Honor-shame cultures share something in common with wine. They both have terroir—a unique flavor depending on the context.
Honor and shame are present in every culture of the world, but each culture expresses honor-shame values differently. For example, hospitality is important in most cultures, but each culture will use different customs and food to communicate honor to a guest. Or, as another example, consider this: Muslims may resort to “honor killings” to dispel shame, while East Asians employ “honor suicides” to erase shame. Though opposite, the values of honor and shame drive both actions. (Read about five major types of honor-shame cultures).
For this initial conversation, we are asking you to share—How does honor and shame work in your context? What does honor and shame look like?
1. The Face of Honor and Shame. These questions may help you exegete and explain honor and shame in your culture.
- What are the main words, expressions, and/or metaphors for honor and shame in your language?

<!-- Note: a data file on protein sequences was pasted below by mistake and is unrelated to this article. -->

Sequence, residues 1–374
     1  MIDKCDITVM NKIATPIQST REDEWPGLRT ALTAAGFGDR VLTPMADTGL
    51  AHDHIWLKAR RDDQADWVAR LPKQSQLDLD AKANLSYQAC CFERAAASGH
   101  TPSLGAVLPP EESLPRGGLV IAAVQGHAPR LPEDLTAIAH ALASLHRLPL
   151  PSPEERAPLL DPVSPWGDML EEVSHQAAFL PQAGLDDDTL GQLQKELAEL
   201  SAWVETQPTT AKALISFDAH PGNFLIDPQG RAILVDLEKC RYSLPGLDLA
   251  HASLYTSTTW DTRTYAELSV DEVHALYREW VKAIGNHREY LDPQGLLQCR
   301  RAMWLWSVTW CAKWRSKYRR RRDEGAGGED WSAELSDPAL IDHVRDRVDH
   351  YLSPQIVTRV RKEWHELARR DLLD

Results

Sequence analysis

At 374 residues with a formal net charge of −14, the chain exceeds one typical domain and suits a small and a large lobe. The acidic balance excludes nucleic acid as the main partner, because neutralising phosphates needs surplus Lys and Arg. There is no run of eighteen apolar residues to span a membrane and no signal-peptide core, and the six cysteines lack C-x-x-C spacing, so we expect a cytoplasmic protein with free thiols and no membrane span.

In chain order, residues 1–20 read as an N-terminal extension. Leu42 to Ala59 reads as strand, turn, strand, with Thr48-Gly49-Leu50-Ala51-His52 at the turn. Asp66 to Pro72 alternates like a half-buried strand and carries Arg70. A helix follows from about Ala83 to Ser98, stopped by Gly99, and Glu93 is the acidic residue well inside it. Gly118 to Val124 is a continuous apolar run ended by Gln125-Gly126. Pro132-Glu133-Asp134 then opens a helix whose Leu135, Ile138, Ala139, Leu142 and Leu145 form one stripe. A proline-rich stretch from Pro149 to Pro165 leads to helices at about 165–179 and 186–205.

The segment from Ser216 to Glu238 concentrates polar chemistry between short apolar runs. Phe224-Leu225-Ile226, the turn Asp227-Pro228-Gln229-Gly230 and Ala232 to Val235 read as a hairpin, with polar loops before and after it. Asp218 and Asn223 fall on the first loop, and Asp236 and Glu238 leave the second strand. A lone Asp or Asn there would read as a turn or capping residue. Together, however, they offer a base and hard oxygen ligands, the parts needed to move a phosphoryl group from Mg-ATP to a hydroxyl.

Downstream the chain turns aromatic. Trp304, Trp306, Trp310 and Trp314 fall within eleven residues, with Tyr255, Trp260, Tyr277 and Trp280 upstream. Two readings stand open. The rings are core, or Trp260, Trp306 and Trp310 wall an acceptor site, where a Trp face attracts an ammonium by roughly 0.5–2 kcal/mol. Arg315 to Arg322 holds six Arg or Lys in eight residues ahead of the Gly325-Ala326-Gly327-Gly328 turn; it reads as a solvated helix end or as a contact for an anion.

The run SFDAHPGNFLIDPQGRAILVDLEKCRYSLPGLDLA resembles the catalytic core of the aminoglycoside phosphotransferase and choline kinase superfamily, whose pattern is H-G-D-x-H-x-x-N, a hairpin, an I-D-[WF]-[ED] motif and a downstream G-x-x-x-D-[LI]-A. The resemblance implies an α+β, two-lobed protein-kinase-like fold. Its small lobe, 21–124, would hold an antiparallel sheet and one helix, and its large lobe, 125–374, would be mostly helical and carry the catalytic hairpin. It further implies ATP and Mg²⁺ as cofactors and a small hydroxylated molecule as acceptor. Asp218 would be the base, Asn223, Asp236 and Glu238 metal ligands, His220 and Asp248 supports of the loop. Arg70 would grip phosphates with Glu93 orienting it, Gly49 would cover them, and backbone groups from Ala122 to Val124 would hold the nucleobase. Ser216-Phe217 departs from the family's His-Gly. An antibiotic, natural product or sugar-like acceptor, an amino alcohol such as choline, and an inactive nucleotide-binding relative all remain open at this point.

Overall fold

- What things bring honor (or shame) to a person or family?
- What symbols or actions communicate an honorable status?
2. Leadership in Honor-Shame Cultures. As you reflect on the above questions, consider how they specifically apply to leaders (and followers) in your context.
- What role does honor and face play in authority and hierarchy?
- What kind of leader do people consider “honorable”?
- How should Christian leaders engage the cultural concepts of a “good leader” in honor-shame cultures.
For people based in the U.S., keep in mind that honor and shame shape leadership in all cultures (just consider the presidential campaigns!), so feel free answer these questions for your culture as well.
Please share your thoughts, questions, stories, best practices, insights, examples at the Synergy Commons forum. Your comments will help others better understand and engage their own cultural context. Click here to read what others are saying and contribute.